With the exception of added sugars and sodium, the majority of the tested sauces had clean ingredients lists, meaning few of them contained preservatives or added flavors. Still, those at the top of the ratings were more likely to be made with just a few whole-food ingredients, such as tomatoes (whole peeled, rather than diced or puréed), olive oil, fresh onion, garlic, and basil. The lower-scoring sauces were typically made with tomato paste and dehydrated garlic, onions, and spices.

However, better-quality ingredients will cost you. “While three of the top 10 scoring sauces cost less than $1 per serving, in general the lower-priced sauces fell to the bottom of the ratings,” Keating says. “But pasta sauce is a staple that regularly goes on sale at the supermarket, with significant savings.” For example, our shoppers paid $9 for a 24-ounce jar of Rao’s Homemade Marinara, but we’ve seen it on sale for as little as $5.

Vodka, Pesto, Alfredo & More

Craving something more creamy or complicated than a tomato marinara? It will cost you in calories and fat. A typical tomato sauce has fewer than 100 calories per ½ cup and a healthier nutritional profile than these have.

Bertolli Vodka Sauce

It’s tomato-based, but the cream and cheese add sodium and saturated fat.

½ cup*

  • Calories: 140
  • Fat: 10 g
  • Sat. Fat: 5 g
  • Carbs: 10 g
  • Fiber: 1 g
  • Sugars: 9 g
  • Sodium: 610 mg

Barilla Classic Basil Pesto

While most of its fat is unsaturated, it’s still high in calories and sodium for such a small serving.

¼ cup*

  • Calories: 200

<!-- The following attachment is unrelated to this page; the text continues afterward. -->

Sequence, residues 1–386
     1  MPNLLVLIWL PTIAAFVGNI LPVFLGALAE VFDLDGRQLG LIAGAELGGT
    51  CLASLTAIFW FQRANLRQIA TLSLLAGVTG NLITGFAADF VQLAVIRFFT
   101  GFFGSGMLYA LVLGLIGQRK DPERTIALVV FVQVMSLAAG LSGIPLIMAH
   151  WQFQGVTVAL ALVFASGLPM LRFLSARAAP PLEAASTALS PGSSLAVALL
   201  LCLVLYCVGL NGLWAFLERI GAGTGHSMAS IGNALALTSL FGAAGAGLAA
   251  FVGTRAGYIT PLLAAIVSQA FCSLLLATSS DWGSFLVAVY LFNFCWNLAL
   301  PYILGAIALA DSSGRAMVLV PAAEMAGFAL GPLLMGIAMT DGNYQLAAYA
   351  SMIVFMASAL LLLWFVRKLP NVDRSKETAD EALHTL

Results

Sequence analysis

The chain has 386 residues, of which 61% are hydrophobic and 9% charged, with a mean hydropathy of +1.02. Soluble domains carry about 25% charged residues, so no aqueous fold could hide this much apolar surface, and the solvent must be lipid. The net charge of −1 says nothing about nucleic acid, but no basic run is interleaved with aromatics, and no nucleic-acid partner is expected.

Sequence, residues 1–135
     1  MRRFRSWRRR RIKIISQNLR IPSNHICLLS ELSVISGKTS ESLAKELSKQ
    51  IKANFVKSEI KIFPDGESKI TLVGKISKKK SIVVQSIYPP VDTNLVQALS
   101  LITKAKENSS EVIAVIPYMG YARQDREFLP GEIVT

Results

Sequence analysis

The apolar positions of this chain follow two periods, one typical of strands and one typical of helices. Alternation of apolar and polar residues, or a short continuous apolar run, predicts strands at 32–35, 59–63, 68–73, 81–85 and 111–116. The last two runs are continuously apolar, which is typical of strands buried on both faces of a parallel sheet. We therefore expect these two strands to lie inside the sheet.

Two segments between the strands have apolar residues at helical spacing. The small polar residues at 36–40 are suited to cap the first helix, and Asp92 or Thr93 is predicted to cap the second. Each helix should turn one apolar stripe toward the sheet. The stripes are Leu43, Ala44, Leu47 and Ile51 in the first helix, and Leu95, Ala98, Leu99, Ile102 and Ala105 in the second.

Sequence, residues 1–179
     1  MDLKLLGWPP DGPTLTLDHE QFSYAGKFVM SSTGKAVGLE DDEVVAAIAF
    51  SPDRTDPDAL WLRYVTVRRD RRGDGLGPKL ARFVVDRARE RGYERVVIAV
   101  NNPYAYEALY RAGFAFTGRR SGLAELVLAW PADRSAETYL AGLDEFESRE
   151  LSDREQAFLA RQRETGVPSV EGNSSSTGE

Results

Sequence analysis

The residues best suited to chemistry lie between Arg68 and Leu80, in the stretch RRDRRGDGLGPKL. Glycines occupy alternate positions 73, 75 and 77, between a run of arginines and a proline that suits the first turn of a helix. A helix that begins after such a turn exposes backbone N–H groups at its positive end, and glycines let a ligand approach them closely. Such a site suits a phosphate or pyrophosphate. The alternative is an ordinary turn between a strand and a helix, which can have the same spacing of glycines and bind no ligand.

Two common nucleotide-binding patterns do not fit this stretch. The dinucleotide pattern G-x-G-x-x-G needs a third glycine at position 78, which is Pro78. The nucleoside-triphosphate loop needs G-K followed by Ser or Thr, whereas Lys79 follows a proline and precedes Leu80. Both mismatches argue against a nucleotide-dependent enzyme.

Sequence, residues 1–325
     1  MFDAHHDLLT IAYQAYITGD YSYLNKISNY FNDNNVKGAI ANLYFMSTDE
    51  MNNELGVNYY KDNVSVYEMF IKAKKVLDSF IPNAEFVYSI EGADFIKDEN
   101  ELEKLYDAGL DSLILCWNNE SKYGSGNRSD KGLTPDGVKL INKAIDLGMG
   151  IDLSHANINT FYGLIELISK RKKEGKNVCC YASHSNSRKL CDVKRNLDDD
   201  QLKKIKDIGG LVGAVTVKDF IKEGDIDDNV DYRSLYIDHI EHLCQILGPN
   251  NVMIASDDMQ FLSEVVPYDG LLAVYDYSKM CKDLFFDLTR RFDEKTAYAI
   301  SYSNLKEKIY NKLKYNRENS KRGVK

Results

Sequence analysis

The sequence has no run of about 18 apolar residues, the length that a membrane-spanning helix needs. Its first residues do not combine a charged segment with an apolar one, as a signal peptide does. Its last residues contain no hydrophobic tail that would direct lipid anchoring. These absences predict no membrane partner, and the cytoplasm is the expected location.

• Fat: 19 g
  • Sat. Fat: 2.5 g
  • Carbs: 5 g
  • Fiber: 1 g
  • Sugars: 0 g
  • Sodium: 600 mg

Rao’s Homemade
Alfredo Sauce

It looks better nutritionally than the vodka sauce, but that’s only because the serving size is smaller.

¼ cup*

  • Calories: 100
  • Fat: 9 g
  • Sat. Fat: 6 g
  • Carbs: 2 g
  • Fiber: 0 g
  • Sugars: 1 g
  • Sodium: 410 mg

Cucina Antica Tuscany
Pumpkin Sauce

It has healthy pumpkin but also cream and butter, which bump up the saturated fat.

½ cup*

  • Calories: 90
  • Fat: 6 g
  • Sat. Fat: 3.5 g
  • Carbs: 9 g
  • Fiber: 2 g
  • Sugars: 6 g
  • Sodium: 340 mg

*Recommended serving size.

Editor’s Note: This article also appeared in the January 2019 issue of Consumer Reports magazine.

Shop Like a Nutritionist

Eating well isn't always easy—or fun. On the 'Consumer 101' TV show, Consumer Reports' expert, Amy Keating, heads into the grocery store to show you how to make healthy decisions when it comes to food.

Sally Wadyka

Sally Wadyka is a freelance writer who contributes to Consumer Reports, Real Simple, Martha Stewart Living, Yoga Journal, and the Food Network on topics such as health, nutrition, and wellness.